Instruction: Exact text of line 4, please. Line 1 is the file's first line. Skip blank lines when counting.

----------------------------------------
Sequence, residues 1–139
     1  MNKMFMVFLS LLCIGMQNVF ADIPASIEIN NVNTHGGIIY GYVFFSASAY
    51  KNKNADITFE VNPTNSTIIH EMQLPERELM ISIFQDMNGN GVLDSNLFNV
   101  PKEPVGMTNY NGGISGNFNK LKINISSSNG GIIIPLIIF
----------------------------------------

   101  PKEPVGMTNY NGGISGNFNK LKINISSSNG GIIIPLIIF